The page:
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Neuro-Trauma ICU
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JWOkStRN has 6 years experience and specializes in Neuro-Trauma ICU.

JWOkStRN's Latest Activity

  1. JWOkStRN

    GRE and admission to CRNA school

    I'm currently attending FIU.
  2. JWOkStRN

    GRE and admission to CRNA school

    I cannot answer to what they will and will not overlook. I do know that should you be granted an interview they will ask you to explain what you feel contributed to the low score. Retaking it is always a good idea if your performance is subpar. I had over a 300 but had a lower Quant score and they inquired about it. I explained that I underestimated the difficulty of the math and that I inadequately prepared for that portion of the exam. I also had a substantially poor GPA from my first degree because I enjoyed socializing more than my major. They asked about that and I explained my immaturity and reinforced that I had demonstrated exceptional academic performance since then. I'm telling you this to show that you can have "deficiencies", yet still be a competitive candidate. There's more to it than just numbers. Best of luck.
  3. JWOkStRN

    GRE and admission to CRNA school

    They'll ask a bout the GRE score in interview. Just be prepared to answer for your short comings. It's only one part of a whole person/package they are evaluating.
  4. JWOkStRN

    CRNA FIU Starting Spring 2019

    Yes, I am currently in a cohort. Just finished first semester distance learning. It's hard to have a real gauge bc I'm still out of state and class is currently online, but so far I enjoy my classmates and the program. The instructors are supportive and provide quick feedback. I'm looking forward to seeing everyone in person in August. Stat wise, I'm kinda atypical I guess you would say. I'm an ADN with a Bachelor in another discipline, and almost a second Bach in Bio (I was one semester shy of finishing that), I have 330 undergrad credits. My GPA from my bachelor was abysmal. 2.4 GPA. Yeah. Young. Immature. Hated my major. Liked to socialize more than study. After grad went into the USAF, went back to school and was a stellar student. Was pre-med and had 3.5+ in all of my science and math classes. I have more science than the average bear above the general requirements. Genetics, Immunology, Physics I&II, Cell Biology, premed stuff. I double majored in nursing school in Graphic Design and finished with a 3.4(ish) GPA. GRE 302, Writing 4.5, 5 Years (at time of application) Neuro Trauma ICU experience, CCRN, ACLS, BLS, PALS, relief Charge, preceptor, specialty Stroke Alert nurse for our nurse driven stroke program, over 30 hours shadow time in two different facilities. Hope that helps. Everyone is different and everyone has strengths and weaknesses. It can be difficult to rack and stack yourself against others when selection can be relative. Yes. There are baseline "Stats" so to speak, but I feel there is much more to program selection than tangible stats. "Stats" get you interviews, your interview is what gets you selected. I'm no guru, I can only offer advice from my own experience. Best of luck.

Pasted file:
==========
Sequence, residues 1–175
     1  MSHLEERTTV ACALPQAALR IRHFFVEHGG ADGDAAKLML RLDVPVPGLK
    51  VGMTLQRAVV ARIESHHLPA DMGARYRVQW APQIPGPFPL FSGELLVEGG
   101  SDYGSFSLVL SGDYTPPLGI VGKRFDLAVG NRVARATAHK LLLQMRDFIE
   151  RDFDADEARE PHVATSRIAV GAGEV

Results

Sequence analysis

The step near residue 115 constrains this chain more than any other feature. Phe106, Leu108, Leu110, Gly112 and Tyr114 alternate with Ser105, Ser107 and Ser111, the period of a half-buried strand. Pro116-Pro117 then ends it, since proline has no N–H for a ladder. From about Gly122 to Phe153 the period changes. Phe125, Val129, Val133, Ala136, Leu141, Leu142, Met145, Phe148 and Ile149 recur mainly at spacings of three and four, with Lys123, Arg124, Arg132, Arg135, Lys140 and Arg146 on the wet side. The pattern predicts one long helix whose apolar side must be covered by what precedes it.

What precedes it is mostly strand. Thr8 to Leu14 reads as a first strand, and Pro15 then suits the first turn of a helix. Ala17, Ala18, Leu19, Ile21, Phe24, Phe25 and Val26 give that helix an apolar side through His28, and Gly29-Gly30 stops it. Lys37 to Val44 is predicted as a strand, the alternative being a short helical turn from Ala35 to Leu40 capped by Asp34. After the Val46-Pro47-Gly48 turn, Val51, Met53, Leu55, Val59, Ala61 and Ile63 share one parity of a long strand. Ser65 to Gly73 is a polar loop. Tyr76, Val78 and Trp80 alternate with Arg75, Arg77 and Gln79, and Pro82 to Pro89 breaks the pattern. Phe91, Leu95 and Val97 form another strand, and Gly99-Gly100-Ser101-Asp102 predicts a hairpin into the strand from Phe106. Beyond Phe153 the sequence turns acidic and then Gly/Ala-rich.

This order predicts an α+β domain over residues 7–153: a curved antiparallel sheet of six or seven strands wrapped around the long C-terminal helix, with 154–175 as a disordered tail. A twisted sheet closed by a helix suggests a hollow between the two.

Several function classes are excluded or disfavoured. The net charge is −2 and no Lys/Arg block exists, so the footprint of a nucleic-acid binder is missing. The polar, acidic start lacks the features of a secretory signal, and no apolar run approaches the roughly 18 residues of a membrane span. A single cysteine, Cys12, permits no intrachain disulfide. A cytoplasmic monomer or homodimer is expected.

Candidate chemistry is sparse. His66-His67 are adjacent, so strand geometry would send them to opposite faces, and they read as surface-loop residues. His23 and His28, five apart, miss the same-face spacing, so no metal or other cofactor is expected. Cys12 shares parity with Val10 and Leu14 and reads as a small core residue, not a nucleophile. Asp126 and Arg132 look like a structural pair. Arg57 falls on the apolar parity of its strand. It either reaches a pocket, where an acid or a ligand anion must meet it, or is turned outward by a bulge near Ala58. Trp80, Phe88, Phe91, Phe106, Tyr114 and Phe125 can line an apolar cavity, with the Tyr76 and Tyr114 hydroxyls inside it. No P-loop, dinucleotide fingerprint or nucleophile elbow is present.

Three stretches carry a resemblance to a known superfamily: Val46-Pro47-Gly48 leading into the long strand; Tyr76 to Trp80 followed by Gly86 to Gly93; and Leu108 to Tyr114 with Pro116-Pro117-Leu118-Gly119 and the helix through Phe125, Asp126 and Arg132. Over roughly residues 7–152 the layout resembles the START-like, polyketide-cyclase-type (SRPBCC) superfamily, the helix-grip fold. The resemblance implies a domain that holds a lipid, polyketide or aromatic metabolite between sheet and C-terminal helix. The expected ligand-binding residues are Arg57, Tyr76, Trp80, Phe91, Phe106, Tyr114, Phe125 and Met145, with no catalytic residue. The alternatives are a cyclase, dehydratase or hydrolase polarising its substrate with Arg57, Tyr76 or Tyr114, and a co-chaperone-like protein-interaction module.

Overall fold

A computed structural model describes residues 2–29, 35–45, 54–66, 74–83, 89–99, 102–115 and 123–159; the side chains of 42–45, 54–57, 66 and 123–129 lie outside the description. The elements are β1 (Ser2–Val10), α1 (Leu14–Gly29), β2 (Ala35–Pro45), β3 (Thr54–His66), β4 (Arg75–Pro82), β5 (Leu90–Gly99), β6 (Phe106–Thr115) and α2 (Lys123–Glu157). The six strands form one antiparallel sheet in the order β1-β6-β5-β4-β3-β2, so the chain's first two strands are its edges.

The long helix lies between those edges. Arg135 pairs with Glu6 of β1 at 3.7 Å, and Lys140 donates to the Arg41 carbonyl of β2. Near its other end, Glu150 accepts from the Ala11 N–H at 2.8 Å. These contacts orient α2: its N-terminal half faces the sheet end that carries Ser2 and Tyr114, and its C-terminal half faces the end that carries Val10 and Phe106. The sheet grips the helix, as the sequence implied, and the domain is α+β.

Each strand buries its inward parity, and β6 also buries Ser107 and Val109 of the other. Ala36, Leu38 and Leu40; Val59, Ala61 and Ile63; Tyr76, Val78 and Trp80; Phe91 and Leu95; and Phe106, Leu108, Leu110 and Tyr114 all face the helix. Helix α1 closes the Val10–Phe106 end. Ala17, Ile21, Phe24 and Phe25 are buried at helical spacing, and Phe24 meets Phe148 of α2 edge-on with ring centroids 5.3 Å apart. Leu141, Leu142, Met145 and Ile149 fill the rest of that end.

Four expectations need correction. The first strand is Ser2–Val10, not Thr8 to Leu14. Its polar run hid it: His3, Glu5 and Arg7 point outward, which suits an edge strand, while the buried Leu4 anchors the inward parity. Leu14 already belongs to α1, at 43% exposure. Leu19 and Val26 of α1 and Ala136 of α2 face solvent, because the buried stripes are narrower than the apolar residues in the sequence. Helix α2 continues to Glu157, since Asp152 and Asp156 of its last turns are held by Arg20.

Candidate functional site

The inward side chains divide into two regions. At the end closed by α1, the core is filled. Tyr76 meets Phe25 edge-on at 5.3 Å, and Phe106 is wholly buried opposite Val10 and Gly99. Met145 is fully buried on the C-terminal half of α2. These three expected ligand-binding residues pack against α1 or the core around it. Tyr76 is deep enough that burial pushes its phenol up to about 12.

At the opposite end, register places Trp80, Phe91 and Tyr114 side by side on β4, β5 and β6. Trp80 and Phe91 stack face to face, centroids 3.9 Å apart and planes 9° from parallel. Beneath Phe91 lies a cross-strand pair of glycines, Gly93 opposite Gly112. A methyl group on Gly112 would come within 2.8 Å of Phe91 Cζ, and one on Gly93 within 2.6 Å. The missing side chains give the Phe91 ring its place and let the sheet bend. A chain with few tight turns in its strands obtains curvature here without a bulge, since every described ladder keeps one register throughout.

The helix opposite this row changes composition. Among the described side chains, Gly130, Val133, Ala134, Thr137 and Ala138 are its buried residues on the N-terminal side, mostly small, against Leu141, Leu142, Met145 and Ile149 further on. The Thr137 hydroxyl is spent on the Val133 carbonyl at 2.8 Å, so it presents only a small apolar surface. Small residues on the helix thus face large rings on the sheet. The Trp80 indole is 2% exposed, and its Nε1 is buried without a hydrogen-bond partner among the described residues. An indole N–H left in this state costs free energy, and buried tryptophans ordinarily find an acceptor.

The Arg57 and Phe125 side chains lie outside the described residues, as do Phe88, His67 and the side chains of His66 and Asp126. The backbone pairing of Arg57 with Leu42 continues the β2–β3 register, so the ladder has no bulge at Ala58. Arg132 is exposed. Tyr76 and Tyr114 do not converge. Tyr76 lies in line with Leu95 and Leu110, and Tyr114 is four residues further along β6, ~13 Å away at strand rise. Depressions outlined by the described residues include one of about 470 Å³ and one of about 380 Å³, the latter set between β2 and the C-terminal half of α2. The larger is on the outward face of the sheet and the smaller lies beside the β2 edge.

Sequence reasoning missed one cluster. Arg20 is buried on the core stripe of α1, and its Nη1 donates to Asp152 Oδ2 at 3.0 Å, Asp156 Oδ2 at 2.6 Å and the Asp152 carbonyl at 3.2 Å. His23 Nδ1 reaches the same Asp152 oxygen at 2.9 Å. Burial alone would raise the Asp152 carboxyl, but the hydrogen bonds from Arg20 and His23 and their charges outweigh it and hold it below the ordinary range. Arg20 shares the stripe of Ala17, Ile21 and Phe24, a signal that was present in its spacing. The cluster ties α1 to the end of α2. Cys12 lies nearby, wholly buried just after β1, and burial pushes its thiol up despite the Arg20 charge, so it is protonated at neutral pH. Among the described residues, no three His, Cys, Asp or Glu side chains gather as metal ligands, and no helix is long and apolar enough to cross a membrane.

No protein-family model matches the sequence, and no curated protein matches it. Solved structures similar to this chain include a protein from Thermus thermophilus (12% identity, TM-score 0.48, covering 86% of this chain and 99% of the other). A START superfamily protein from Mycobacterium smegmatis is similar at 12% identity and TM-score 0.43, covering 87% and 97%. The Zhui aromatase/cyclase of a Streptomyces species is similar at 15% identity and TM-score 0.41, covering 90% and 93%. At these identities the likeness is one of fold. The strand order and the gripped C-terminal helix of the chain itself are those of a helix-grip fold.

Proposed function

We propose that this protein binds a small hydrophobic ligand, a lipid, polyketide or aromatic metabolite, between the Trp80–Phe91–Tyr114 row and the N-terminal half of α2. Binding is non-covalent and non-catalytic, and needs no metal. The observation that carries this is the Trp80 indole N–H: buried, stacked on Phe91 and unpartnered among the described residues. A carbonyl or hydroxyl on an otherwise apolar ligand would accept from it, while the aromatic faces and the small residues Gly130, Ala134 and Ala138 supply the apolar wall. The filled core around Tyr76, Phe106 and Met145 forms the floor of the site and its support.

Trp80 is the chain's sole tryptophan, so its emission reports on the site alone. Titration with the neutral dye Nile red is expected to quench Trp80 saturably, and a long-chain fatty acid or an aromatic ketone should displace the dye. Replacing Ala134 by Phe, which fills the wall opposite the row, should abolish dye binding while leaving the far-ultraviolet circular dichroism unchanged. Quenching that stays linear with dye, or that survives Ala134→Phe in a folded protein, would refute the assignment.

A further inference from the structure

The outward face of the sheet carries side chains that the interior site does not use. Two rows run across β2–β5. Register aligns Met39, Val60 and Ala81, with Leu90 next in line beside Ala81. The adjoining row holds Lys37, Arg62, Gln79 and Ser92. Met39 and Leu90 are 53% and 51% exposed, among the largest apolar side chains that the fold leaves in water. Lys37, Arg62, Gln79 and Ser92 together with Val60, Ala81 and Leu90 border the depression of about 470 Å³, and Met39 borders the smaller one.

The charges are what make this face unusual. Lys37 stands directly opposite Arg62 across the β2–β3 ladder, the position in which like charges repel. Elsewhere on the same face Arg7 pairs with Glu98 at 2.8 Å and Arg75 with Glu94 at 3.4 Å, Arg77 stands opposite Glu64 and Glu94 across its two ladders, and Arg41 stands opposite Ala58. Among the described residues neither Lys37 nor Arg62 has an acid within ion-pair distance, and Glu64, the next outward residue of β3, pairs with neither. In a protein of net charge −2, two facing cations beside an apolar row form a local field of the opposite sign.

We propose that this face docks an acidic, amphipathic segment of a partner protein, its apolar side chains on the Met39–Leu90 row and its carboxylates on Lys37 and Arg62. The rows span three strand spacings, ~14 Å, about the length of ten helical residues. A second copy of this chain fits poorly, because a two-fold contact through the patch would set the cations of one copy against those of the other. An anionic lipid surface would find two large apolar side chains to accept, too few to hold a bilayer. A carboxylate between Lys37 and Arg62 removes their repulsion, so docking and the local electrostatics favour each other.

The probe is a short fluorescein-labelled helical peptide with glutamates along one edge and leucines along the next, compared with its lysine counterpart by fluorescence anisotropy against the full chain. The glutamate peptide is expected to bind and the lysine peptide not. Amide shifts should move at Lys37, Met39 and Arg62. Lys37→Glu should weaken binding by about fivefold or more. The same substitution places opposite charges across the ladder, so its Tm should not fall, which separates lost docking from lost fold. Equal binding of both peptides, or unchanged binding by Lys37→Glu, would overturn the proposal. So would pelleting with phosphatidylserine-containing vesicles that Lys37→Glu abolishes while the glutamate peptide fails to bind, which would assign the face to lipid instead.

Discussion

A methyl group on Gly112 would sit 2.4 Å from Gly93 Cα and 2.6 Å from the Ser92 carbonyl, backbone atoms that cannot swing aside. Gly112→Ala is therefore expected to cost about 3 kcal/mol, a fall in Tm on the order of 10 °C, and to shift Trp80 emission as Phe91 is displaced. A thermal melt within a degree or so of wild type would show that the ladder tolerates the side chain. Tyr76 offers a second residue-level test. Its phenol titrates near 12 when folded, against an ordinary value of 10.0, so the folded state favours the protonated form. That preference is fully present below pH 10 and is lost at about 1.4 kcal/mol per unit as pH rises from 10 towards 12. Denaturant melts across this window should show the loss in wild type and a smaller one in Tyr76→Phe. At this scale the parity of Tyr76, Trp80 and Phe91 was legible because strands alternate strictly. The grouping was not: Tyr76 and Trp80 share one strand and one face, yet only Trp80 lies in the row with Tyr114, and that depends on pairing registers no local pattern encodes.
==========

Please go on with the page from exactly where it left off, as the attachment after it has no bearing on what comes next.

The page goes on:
5. JWOkStRN

    CRNA FIU Starting Spring 2019

    I got my invitation for interview on May 2nd last year. However, I was that over achiever that had my application turned in by February. I interviewed May 19th and had my acceptance letter May 31st. Hope that gives you an idea of the time line. Good luck to all those applying.
  6. khalStorm, While being proactive is a very good thing, my advice is to hold off before you start taking graduate level courses since you just boarded. Take some time to focus on your new position, especially if you're new to the ICU. It can be information overload and piling graduate level courses on top may overwhelm you. Just my two cents. Good luck.
  7. JWOkStRN

    Appropriate Graduate Program CV

    My opinion, no more than 2 pages MAX. Mine was maybe 1.5 with all the fluff-n-stuff. A CV is typically longer than a traditional resume in the first place. Hope that helps. Best wishes.
  8. JWOkStRN

    CRNA FIU Starting Spring 2019

    I am currently in FIU's program and finishing my first semester. I got in with an abysmal GPA from my first Bach degree (2.45...yeah, partied a lot, hated my major, young and stupid, you get the picture). Had since then been a Pre-Med student with tons of upper divis tough Science classes and double majored in Nursing School and did well. 6 years Neuro-Trauma ICU experience (5 at time of interview), 302 cum GRE with 4.5 writing, CCRN, relief charge, preceptor, specialty Stroke RN, 30+ hours of shadow time. It's all relative. They will ask you about that GPA, just be honest. PM me if you have any other questions. Good luck.
  9. JWOkStRN

    What kind of loans for CRNA school?

    I did federal loans and Grad Plus. Grad plus will lend up to the cost of school just like a private loan. Just know that with a private lender (like Sallie Mae) the school has to certify that the amount you are requesting is appropriate to the cost of attendance. Hope that helps.